There’s a Party at Bryna Turner’s Claire Tow Theater At the wedding, and you are invited to bear witness to… despair? After our wedding anti-hero, Carlo (Mary Wiseman) kicks things off with a bitterly funny, fourth-wall-breaking monologue about the inevitability of overwhelming heartache, a bridesmaid berates him in the scene. next for making the youngest guests at the event cry with her spiel. Yes, you are unwittingly brought to the children’s table, from which you can watch 70 minutes of enjoyable, if mundane, sharing of wisdom and insight into the unbreakable bond between love and pain.
Heartbreak is an odd fixation to have at a wedding, but once again Carlo attends that of an ex-girlfriend, Eva (Rebecca S’Manga Frank). Having failed to RSVP, Carlo treats her surprise appearance as the stuff of rom-coms: she hopes Eva realizes that Carlo is her one true love, who will save her from a tragically generic heterosexual marriage. (More on that in a moment.) Carlo only spends one scene advancing this mission; most of the play sees her drinking – heavily – in an equal attempt to show courage and drown her sorrows, while engaging in conversation with various wedding guests in a Company-thumbnail sequence style.
Each guest sits at a different place on the love spectrum: there’s Eli (Will Rogers), a serious English teacher on the fast track of his own heartbreak. Maria (Carolyn McCormick), the bride’s divorced mother, shares Carlo’s tactic of venting his jealousy upon seeing a younger woman on her ex-husband’s arm. Waiter Victor (Jorge Donoso) mostly floats in the background, supplying and clearing drinks when needed, but gets a singular moment to pass out in front of his “other half”. And the mysterious and seductive stranger Leigh (Han Van Sciver) matches Carlo’s spirit-loving jabs for the spirit, but brings her closest to the oblivion of her loneliness.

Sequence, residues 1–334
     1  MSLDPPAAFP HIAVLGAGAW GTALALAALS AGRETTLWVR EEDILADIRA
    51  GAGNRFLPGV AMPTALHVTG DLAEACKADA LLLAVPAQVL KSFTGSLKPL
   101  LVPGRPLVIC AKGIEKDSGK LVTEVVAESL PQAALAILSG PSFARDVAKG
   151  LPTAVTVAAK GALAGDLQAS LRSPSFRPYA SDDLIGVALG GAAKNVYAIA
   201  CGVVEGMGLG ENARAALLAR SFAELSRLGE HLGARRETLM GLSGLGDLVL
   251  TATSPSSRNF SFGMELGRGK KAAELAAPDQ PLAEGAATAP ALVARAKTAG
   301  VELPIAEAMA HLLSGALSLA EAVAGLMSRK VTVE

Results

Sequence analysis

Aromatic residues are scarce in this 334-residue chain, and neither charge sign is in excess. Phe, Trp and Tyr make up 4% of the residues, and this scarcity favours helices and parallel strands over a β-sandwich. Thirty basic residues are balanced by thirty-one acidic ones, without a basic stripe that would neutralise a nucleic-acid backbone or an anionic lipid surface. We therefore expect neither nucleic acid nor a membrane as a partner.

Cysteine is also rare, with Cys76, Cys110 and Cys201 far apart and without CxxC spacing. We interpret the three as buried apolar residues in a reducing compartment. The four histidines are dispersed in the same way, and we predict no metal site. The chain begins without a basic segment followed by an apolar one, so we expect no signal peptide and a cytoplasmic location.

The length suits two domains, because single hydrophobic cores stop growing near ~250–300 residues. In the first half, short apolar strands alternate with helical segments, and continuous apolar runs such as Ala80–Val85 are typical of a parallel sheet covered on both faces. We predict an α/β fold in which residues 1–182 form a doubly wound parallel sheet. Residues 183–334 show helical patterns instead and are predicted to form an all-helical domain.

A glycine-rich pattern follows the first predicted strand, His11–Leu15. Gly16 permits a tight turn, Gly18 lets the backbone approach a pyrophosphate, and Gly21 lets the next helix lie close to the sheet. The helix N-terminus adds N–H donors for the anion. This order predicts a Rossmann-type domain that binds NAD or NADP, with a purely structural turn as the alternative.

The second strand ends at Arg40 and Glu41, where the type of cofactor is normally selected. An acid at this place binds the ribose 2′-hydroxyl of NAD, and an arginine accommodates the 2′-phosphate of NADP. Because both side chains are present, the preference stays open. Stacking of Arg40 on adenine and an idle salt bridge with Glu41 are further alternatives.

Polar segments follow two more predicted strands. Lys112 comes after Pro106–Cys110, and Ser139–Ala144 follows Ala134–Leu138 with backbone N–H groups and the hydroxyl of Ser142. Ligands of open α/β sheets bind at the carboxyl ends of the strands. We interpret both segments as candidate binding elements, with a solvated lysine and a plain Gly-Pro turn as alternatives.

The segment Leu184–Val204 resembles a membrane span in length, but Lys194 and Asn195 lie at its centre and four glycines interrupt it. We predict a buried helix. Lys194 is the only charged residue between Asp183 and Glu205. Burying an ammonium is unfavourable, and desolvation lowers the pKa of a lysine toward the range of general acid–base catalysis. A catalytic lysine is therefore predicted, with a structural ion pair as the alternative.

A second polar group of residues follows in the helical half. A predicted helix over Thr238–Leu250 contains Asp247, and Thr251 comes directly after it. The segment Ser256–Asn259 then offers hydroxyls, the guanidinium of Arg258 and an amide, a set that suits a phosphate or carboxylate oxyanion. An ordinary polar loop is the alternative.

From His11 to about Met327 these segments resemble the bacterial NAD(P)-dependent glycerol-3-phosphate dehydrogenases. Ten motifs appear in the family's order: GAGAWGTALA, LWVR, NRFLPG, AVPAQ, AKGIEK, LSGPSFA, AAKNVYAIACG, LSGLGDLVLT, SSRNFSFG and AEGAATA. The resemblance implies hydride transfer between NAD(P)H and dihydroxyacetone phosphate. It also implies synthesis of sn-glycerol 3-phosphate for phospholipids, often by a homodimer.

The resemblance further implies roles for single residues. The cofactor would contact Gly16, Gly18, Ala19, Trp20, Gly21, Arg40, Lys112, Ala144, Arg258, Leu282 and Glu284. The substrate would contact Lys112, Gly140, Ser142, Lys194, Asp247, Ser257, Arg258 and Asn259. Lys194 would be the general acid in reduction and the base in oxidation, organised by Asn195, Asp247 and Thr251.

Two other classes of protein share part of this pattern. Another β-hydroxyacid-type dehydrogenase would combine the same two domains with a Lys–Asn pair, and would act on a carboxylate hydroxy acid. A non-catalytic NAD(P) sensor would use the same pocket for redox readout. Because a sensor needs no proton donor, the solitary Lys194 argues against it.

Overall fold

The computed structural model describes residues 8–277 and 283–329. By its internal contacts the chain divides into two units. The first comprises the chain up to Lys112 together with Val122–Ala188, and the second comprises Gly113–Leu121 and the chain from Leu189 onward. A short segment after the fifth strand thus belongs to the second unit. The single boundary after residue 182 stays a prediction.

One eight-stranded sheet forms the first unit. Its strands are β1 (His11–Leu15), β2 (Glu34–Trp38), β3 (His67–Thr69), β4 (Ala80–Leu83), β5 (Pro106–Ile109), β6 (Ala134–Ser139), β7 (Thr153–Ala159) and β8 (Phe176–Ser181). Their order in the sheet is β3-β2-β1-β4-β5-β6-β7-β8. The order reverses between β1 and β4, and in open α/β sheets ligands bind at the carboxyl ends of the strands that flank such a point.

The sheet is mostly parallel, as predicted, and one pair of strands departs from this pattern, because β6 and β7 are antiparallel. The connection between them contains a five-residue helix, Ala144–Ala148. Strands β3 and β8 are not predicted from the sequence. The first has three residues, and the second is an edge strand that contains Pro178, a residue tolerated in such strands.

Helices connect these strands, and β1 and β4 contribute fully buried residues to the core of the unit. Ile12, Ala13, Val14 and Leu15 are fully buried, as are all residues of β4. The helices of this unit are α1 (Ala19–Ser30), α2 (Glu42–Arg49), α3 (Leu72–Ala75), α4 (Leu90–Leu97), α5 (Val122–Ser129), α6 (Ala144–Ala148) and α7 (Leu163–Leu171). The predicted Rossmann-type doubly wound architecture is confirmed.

Wiseman, the connective tissue between them all, achieves the remarkable feat of diverting the audience’s attention from the gigantic red and orange floral arrangement above the stage (the centerpiece of Maruti Evans’ rustic event hall), and not just because her red curly hairstyle is almost as great. Wiseman’s wit is sharp, her vulnerability tender, and her charm ineffable, even as she feels self-pity and tussles with a bridesmaid (her nemesis comically named Carly, played by Keren Lugo) .
Unfortunately, except perhaps for Leigh, every other character’s development is sacrificed to accommodate Carlo’s huge presence and narrow view of true love. It was very disappointing to see this happen to Eva – her big day is in the title, after all! She had the potential to be explored as a healthy bisexual woman coming out of a past relationship, but instead is reduced to a trope of the lesbian who “betrays” the lesbian community by falling in love with a man. .
A saving way to interpret these pieces of At the wedding is that it’s actually happening from Carlo’s point of view, and there’s evidence for it: the guests Carlo socializes with are likely to be an age-old blur if she’s drunk. Some of the decorations seem to conflict – a balloon that reads “Love is sweet” suggests a candy theme, while an “Anchored in love” banner on the hors d’oeuvres table suggests a nautical theme — not that it matters to Carlo, who sees the whole ceremony as generic and “extremely heterosexual” anyway. And a neon sign on the wall reads “until we die”, with the “let’s part” nowhere in sight, which is about as dark as you’d expect from the spirit from Carl. If nothing else, these details are another testament to Evans’ wonderful design.
Another thing At the wedding gets right is the lack of a proper conclusion. Carlo does not suddenly overcome his grief or resign himself to it forever in the hour of the play; she just leaves with a lot to think about. The same can’t be said for audiences, unfortunately, unless you’ve never seen a romantic comedy. But there is still a fun time to be had at this wedding.
At the wedding is at the Claire Tow Theater until April 17. At the wedding tickets on New York Theater Guide.
Photo credit: Mary Wiseman in At the wedding. (Photo by Marc J. Franklin)